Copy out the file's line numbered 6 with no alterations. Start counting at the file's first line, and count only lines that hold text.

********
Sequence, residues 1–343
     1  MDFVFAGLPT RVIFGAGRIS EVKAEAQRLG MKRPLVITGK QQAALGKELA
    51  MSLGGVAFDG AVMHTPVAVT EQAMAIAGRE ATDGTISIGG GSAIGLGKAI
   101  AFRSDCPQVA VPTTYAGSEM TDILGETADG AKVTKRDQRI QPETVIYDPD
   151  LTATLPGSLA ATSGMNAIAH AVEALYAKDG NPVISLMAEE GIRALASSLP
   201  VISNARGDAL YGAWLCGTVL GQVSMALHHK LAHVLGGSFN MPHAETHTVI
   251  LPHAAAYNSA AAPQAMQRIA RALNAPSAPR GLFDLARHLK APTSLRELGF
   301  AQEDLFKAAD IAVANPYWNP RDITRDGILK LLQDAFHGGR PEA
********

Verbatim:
   201  VISNARGDAL YGAWLCGTVL GQVSMALHHK LAHVLGGSFN MPHAETHTVI